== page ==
Hamilton led every lap of the German Grand Prix last time out in Hockenheim, and in the process he surpassed Alain Prost’s 2,684 total of F1 laps led to slot into third on the all-time table with 2,732. Ayrton Senna (2,987) and Michael Schumacher (5,111) remain in front of the world champion, but it is possible he could pass the Brazilian if he leads 255 more laps before the end of the season.
The Belgian Grand Prix can often generate surprising results and the polesitter at Spa has only won three times in the last eight races at the 4.35-mile track. The 2011, 2012 and 2013 races also featured a podium finisher who had started outside the top eight on the grid, as did 2015, when Grosjean came third for Lotus from ninth on the grid
Qualifying on Saturday offers several drivers the chance to continue positive streaks or break bad runs. Nico Rosberg, who has a 100 per cent finishing record in the nine Belgian races he has started, has qualified first or second at the last 18 races – although a grid penalty meant he started sixth in Austria.
Toro Rosso’s Daniil Kvyat has never started in the top-10 on the grid at Spa, while Nico Hulkenberg has not qualified higher than ninth for the Belgian Grand Prix since 2010 when he drove for Williams.
Ferrari’s Kimi Raikkonen is something of a Spa specialist, with four F1 victories at the track, a figure that is twice as many as the number of wins he has secured at any other circuit in his career.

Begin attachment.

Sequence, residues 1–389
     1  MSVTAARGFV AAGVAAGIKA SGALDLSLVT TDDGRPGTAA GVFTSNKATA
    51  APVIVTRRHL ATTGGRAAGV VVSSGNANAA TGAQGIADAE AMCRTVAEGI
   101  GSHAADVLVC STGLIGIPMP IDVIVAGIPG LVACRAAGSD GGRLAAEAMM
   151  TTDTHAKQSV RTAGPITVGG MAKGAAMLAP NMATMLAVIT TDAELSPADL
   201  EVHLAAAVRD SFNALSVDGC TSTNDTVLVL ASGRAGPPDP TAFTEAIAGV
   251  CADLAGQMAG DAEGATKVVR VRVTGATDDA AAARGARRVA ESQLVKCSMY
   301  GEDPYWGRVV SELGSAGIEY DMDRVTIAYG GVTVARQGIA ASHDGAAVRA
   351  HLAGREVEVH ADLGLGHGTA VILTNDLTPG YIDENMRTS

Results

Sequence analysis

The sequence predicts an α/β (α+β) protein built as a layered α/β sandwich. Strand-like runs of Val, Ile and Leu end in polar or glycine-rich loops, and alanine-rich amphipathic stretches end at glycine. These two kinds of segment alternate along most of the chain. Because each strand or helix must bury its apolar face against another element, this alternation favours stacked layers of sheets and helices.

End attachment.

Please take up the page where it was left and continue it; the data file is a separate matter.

But the Belgian track has not been a happy hunting ground for McLaren’s Fernando Alonso. The Spanish driver has never won an F1 race at Spa in 12 attempts and he has only finished on the podium there on one occasion since 2007, when he came second for Ferrari in 2013. The double world champion also has five retirements in Belgium, a number beaten only by the six times he has failed to finish at Montreal.
Manor’s Esteban Ocon will make his F1 debut this weekend and in doing so he will become the tenth teenager to make a Grand Prix start. The 19-year-old Frenchman, who will be four days younger than Ferrari’s Sebastian Vettel was when he made his first F1 appearance at Indianapolis 2007 for BMW-Sauber, has already driven in four FP1 sessions for Renault and completed the mid-season test for Mercedes.